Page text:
It’s coming, or as I like to say, looming. Our wedding anniversary, the annual date that reminds me that the days are long but the years are short and that I am getting older. It’s weird that our anniversary has that effect even more than my birthday.
After Drew and I had been married about two years, the actual date of our wedding (March 23rd) started to get lost in the shuffle of all the other important dates during a year. These days, any fun event that happens to fall during March gets designated as our anniversary celebration, and that’s that. One year it was a bottomless brunch with friends (in NYC, where else?), which happened to fall in the vicinity of the date. Two years ago we were in Prague, but that was a mere coincidence. Last year, we claimed our March holiday to the Seychelles as our ‘anniversary gift to each other’ even though it didn’t actually overlap with the real date in the least bit.
Also, no gifts. The gifts stopped after the first year. Back then, I was excited to give proper traditional gifts every year (certainly, with the thought that soon enough I’d be due for some platinum and rubies). The traditional gift for a first anniversary is paper. Drew gave me the most beautiful necklace, a pendant with a small piece of gorgeous and glittery patterned yellow paper shrouded in clear glass. I gave him a magazine subscription. Sure enough, I promptly lost the necklace, mere months after receiving it. I can still remember where I left it, at the side of my pool lounge chair in Gibson Island, Maryland.
If we were still participating in the anniversary gift tradition, this year’s offering would be pottery. Drew hates pottery.
This backstory about our clumsiness around our wedding anniversary is all to explain the most amazing non-anniversary anniversary celebration we gave ourselves this year, completely by accident.
We scheduled a March weekend in Switzerland months ago, when flights were cheap and calendars empty. When we actually showed up in actual Switzerland last weekend, we had literally not planned a thing, other than where we were going to stay.
And then we walked into our hotel room.
It was jaw-dropping, the kind of room that appears regularly in movies but never in real life. The room sprawled before us, a massive suite with separate living area and a bathroom with a window. The circular couch made of orange velvet sealed the deal. Drew looked around and said, ‘This should be our anniversary weekend, our gift to each other.’ And that was that.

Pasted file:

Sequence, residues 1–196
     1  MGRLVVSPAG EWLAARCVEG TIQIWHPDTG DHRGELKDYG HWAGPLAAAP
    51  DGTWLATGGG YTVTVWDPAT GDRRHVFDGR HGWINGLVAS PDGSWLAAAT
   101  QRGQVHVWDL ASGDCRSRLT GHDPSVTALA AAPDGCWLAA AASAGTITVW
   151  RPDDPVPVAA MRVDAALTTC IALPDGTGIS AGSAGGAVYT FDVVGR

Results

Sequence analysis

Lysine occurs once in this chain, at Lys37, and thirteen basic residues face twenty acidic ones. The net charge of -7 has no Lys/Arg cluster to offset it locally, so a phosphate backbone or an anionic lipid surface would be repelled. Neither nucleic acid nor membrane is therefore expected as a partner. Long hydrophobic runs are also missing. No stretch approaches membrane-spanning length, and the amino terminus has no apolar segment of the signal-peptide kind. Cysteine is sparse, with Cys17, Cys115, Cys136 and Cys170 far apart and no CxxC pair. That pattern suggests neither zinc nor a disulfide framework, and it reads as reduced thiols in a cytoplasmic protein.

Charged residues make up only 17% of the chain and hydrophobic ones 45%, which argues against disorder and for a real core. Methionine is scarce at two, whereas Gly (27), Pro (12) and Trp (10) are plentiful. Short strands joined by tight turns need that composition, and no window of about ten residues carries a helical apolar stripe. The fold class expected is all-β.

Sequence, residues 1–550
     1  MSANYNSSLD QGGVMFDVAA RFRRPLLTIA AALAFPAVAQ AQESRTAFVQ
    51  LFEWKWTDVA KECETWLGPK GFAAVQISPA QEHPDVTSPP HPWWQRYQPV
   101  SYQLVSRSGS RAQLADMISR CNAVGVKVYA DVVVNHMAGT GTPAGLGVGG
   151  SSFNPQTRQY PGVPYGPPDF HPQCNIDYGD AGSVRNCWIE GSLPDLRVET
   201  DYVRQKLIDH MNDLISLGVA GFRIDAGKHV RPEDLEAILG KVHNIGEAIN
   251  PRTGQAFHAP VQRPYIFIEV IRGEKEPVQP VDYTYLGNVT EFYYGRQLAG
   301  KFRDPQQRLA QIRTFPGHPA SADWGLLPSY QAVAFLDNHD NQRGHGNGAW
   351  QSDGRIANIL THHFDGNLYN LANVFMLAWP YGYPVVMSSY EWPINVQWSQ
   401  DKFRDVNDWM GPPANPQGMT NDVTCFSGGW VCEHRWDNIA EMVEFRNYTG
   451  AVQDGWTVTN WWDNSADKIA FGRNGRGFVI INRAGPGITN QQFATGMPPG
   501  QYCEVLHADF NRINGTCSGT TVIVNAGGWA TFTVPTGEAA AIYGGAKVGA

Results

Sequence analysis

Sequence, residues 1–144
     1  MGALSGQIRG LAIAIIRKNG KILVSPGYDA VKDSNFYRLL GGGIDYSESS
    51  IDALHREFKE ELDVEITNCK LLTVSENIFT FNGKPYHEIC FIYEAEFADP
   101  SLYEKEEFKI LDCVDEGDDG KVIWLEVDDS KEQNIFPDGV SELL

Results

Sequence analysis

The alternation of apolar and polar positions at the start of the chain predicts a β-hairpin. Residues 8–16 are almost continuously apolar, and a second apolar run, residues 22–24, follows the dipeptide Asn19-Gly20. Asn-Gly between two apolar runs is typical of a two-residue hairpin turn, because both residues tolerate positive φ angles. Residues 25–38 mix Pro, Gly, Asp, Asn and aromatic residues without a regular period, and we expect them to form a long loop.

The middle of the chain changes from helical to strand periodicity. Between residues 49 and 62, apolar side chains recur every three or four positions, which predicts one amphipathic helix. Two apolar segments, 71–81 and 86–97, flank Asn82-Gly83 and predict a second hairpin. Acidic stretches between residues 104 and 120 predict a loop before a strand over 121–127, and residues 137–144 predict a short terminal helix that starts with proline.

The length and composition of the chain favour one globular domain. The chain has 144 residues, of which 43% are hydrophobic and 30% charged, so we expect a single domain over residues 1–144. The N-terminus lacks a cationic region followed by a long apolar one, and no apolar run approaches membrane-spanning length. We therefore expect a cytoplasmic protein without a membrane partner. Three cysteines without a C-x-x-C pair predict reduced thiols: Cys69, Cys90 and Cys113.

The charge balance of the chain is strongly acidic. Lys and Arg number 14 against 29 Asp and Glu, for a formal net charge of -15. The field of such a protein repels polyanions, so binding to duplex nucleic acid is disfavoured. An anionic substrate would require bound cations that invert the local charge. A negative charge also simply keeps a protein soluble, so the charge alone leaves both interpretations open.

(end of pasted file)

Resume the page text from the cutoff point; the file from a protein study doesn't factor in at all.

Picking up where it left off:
You might wonder, what does an anniversary weekend look like when there is no planning whatsoever?
For us, it meant that we started each meal with champagne. A little bubbly before a pizza lunch, yes please! If that’s not a celebration in a glass, I don’t know what is.
We also ate a lot of dessert, whenever the slightest hint or mention of it cropped up. Dessert pastries from the breakfast spread which I normally try to avoid? Bring. It. On.
The biggest indulgence of the weekend was a blissful two hours spent in a spa cottage at the Park Weggis Resort. We like the odd spa treatment from time to time (Drew’s obsession with massages is well documented), but we were totally clueless about this new form of spa-going.
Leave it to the Swiss to take it to the next level.
In addition to the normal spa with treatment rooms, saunas and pools, the Park Weggis built a separate building, formed of six individual ‘cottages’ – large rooms packed with all the normal spa fixtures, available for private use. In each cottage you’ll find: a warm whirlpool, sauna, cool pool, an ‘expriential’ shower consisting of like 8 different shower heads all coming from different angles with different water temperatures, massage table with a body-length headlamp, massive waterbed, foot soaking tub and lounge chairs. And tea, and snacks and self-selected music. If you really want to go crazy you can order in more spa treatments, have a masseuse stop by for a massage or an aesthetician for a facial.
When our lovely host left us to our own devices in the spa cottage for two whole hours, we were like kids in a spa candy store. We each tried to figure out the best order in which to do all the things – hot tub, cold tub, sauna, shower? Or sauna, cold tub, shower, hot tub? Of course you simply can’t go wrong, and we happily indulged in the treatments, regularly pinching ourselves that we were actually here, the recipients of what has to be one of the more rare and luxurious spa experiences in the world.
One small detail that I must mention – the spa gives the room a call when there are fifteen minutes left in your session. That precludes you, the relaxing guest, from needing to watch the time, which is such a relief if you’re like me and always have half an eye on any available clock.
That phone rang much faster than I thought possible, and for the rest of the weekend, our main conversation was about which part of the spa cottage was the best (me: hot tub, Drew: sauna).
On our short flight back to London, Drew and I had the standard conversations that we always have during these flights. We talked about the highs and lows of the weekend – the resounding high was the spa cottage, the low was the low clouds that dampened the view from our terrace. Then we put the weekend to the true test – how was this weekend compared to the many, many weekends away that we’ve had over the years? Top five, for sure.
Drew ventures that it was his favorite, but as we’ve established, he has a real thing for spas.
Regardless, our non-anniversary anniversary weekend in Switzerland beats my gift of pottery any day of the week.
Have you ever had a truly indulgent anniversary? We’d love to hear about it, you know, for the next time we don’t plan one!